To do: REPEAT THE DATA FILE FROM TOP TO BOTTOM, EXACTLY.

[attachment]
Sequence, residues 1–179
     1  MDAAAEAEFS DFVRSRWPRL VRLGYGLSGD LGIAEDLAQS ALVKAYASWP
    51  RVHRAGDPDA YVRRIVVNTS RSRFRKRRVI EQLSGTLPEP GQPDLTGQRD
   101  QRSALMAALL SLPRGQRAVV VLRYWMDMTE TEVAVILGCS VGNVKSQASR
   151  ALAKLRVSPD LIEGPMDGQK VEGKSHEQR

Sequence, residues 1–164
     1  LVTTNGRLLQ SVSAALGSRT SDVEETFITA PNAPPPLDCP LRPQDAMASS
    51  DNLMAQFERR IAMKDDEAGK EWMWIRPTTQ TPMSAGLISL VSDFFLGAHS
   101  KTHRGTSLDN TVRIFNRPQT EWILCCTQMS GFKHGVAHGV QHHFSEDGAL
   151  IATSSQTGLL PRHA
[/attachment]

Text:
Sequence, residues 1–179
     1  MDAAAEAEFS DFVRSRWPRL VRLGYGLSGD LGIAEDLAQS ALVKAYASWP
    51  RVHRAGDPDA YVRRIVVNTS RSRFRKRRVI EQLSGTLPEP GQPDLTGQRD
   101  QRSALMAALL SLPRGQRAVV VLRYWMDMTE TEVAVILGCS VGNVKSQASR
   151  ALAKLRVSPD LIEGPMDGQK VEGKSHEQR

Sequence, residues 1–164
     1  LVTTNGRLLQ SVSAALGSRT SDVEETFITA PNAPPPLDCP LRPQDAMASS
    51  DNLMAQFERR IAMKDDEAGK EWMWIRPTTQ TPMSAGLISL VSDFFLGAHS
   101  KTHRGTSLDN TVRIFNRPQT EWILCCTQMS GFKHGVAHGV QHHFSEDGAL
   151  IATSSQTGLL PRHA